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Reclaiming the Shoreline/The Terrain of Water – A Year of Coasts and Waters Case Study
Reclaiming the Shoreline/The Terrain of Water is a speculative graduate student project developed by Yue Qin in 2019 as part of the Master of Landscape Architecture design studio Actants & Assemblages of Scotland’s North Coast Landscapes.
Reclaiming the Shoreline/The Terrain of Water is a speculative graduate student project developed by Yue Qin in 2019 as part of the Master of Landscape Architecture design studio Actants & Assemblages of Scotland’s North Coast Landscapes. The studio was led by Anaïs Chanon and Elinor Scarth at Edinburgh School of Architecture and Landscape Architecture at ECA. Between 2018 and 2020, a total of forty landscape architecture students have explored the landscapes in proximity to the North Coast 500 tourist route in the North West Highland region of Scotland. It could be argued that the landscapes embody a romantic landscape perspective that permeates landscape architecture to this day. However, the widely accepted picturesque beauty of the Highland landscapes dissimulates multifaceted contemporary realities and complex social, ecological and political histories.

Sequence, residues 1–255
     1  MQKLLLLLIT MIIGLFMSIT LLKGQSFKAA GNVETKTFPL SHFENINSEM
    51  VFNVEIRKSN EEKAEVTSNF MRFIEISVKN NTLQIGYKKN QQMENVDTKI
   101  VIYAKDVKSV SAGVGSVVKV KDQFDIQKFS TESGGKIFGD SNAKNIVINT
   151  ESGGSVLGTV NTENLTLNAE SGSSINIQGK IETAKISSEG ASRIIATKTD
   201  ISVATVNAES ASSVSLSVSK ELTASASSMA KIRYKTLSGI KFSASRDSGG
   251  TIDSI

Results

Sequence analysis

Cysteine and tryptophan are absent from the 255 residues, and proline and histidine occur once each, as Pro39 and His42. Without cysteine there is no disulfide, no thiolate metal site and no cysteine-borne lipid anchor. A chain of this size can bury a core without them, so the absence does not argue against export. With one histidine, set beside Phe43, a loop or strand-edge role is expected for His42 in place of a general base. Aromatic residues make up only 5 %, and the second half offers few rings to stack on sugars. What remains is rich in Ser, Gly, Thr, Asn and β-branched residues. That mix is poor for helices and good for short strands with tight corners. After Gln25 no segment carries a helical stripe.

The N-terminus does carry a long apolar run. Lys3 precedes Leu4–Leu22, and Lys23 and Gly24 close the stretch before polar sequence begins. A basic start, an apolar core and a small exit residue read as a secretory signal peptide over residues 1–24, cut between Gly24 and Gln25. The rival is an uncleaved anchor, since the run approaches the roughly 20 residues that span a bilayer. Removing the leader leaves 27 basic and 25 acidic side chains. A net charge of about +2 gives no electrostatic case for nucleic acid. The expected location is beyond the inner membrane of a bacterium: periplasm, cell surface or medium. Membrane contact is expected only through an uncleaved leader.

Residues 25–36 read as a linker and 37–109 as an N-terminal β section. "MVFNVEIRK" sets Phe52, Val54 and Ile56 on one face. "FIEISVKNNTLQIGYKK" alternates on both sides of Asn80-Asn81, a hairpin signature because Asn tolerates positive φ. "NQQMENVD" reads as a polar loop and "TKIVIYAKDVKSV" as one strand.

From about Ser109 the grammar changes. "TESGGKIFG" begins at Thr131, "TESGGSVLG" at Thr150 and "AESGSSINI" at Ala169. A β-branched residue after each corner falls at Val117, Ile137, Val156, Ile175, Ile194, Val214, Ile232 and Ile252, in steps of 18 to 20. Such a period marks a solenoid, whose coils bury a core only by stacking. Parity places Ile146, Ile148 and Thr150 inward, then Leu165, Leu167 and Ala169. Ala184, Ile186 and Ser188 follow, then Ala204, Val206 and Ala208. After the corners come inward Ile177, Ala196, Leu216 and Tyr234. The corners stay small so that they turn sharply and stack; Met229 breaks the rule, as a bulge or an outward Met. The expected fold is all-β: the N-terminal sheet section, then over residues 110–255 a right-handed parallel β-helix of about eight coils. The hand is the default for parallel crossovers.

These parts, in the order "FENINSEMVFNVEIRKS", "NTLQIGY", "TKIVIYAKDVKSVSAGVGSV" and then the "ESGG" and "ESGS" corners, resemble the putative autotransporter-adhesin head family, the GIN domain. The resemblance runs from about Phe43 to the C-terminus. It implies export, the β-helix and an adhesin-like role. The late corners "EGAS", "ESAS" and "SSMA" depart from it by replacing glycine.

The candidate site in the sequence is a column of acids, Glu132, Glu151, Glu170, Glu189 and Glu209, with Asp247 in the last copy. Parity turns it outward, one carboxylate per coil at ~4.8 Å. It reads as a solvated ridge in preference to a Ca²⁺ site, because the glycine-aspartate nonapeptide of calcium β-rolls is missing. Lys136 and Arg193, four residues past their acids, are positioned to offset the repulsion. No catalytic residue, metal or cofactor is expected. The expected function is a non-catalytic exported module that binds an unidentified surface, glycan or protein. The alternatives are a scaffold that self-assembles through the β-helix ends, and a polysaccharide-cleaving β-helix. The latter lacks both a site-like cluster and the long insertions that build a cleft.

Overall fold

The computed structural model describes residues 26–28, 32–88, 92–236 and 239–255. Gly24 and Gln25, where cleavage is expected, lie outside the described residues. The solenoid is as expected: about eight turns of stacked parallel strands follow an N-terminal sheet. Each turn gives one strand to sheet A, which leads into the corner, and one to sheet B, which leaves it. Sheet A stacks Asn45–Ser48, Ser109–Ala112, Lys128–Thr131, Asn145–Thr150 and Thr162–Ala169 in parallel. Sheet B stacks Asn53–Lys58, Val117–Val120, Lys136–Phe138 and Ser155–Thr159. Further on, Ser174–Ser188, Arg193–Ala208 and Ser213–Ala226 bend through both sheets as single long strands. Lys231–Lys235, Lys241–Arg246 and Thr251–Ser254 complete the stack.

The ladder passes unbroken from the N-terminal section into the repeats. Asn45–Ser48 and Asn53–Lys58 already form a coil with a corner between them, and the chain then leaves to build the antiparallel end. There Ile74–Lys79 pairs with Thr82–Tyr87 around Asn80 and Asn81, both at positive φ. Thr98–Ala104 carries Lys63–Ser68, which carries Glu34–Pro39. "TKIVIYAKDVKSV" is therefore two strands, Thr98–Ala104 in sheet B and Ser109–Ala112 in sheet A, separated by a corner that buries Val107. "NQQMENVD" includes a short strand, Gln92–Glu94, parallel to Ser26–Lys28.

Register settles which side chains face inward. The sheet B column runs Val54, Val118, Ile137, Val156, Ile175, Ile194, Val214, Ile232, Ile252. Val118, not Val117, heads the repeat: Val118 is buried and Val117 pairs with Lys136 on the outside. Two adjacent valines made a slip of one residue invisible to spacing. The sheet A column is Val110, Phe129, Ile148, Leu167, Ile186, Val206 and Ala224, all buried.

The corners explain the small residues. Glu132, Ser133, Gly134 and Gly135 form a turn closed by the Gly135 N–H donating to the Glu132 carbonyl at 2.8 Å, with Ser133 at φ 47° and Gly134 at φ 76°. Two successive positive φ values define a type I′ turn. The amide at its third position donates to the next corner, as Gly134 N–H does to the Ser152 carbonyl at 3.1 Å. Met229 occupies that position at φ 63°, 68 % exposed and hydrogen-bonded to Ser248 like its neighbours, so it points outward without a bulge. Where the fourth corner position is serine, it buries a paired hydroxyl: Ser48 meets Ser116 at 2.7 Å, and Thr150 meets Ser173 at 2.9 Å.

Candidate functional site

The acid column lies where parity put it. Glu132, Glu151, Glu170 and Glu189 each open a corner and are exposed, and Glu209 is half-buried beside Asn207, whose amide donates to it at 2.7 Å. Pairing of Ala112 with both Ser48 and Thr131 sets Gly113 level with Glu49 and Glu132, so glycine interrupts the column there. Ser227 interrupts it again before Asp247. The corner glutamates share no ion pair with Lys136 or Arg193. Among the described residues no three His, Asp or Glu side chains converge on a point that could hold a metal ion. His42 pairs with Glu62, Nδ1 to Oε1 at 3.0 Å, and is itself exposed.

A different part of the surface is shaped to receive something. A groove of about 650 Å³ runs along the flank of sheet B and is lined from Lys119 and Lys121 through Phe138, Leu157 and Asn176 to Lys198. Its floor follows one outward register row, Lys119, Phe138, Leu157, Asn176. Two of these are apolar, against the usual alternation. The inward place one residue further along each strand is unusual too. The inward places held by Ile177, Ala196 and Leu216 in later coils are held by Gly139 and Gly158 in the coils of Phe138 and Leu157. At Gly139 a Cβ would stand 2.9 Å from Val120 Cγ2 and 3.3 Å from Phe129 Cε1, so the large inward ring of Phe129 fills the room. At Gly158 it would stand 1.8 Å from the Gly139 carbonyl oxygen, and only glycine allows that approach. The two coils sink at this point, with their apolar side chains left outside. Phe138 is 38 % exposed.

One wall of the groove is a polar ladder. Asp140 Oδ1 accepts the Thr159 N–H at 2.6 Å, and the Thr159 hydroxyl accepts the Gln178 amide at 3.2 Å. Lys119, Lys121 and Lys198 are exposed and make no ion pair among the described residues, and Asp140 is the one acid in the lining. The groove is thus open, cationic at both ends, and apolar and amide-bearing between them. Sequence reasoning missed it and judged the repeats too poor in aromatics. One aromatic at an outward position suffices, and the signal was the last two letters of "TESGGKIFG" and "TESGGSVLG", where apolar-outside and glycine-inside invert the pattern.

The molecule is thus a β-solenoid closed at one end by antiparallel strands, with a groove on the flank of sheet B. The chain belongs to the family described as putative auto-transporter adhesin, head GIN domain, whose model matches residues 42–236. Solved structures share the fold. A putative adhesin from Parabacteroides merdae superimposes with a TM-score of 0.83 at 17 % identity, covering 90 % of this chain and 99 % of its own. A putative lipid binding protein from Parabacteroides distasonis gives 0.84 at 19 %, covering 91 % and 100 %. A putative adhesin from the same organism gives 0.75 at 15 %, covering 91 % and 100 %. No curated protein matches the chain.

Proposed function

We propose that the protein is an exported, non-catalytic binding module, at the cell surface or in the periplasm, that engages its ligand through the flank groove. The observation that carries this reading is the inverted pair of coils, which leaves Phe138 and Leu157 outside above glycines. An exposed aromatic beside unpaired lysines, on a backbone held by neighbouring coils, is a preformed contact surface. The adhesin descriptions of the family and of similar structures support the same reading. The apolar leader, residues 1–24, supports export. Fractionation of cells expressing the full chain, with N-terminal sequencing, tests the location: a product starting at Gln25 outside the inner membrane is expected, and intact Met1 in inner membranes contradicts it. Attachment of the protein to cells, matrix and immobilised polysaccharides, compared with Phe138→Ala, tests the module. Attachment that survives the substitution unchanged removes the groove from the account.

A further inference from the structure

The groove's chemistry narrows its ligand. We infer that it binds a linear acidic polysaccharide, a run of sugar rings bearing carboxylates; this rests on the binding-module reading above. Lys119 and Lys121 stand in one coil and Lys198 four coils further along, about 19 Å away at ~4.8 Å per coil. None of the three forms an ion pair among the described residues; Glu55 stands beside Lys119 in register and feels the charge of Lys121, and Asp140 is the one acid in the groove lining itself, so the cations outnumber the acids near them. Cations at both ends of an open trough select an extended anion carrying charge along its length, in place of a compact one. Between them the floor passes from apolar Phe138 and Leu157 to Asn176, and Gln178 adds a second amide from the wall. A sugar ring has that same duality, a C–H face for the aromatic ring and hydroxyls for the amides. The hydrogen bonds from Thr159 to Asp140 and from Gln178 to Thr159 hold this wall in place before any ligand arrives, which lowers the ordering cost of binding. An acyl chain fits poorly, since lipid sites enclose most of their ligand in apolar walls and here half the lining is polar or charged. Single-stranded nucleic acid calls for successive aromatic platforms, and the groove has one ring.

Based in Invergordon in the Cromarty Firth Yue explored in depth the ways in which humans are entangled with the watery world of Scotland’s North East Coast by persistent actions of intake and exchanges of water in their environment. Water, with its social and ecological meanings, is in constant movement between human and animal bodies and their environments. Yue considered the ways in which the social and economic context of the town and its region heavily relies upon water-based economies; from military occupation, the expansion of the oil industry and the contemporary increase in cruise ship frequentation. However, both the progressive decommissioning of the oil rigs and the increase in tourism put pressures on water-based ecosystems. Considering challenges related to coastal erosion and sea level rise the hypothetical project anticipates a 50 year sequential timeline and incorporates dredging processes together with corresponding artificial beach nourishment. The design project also imagines a park incorporating phytoremediation, bio-purification and bio-filtration ponds within the site of the former Royal Navy port fuel depot.
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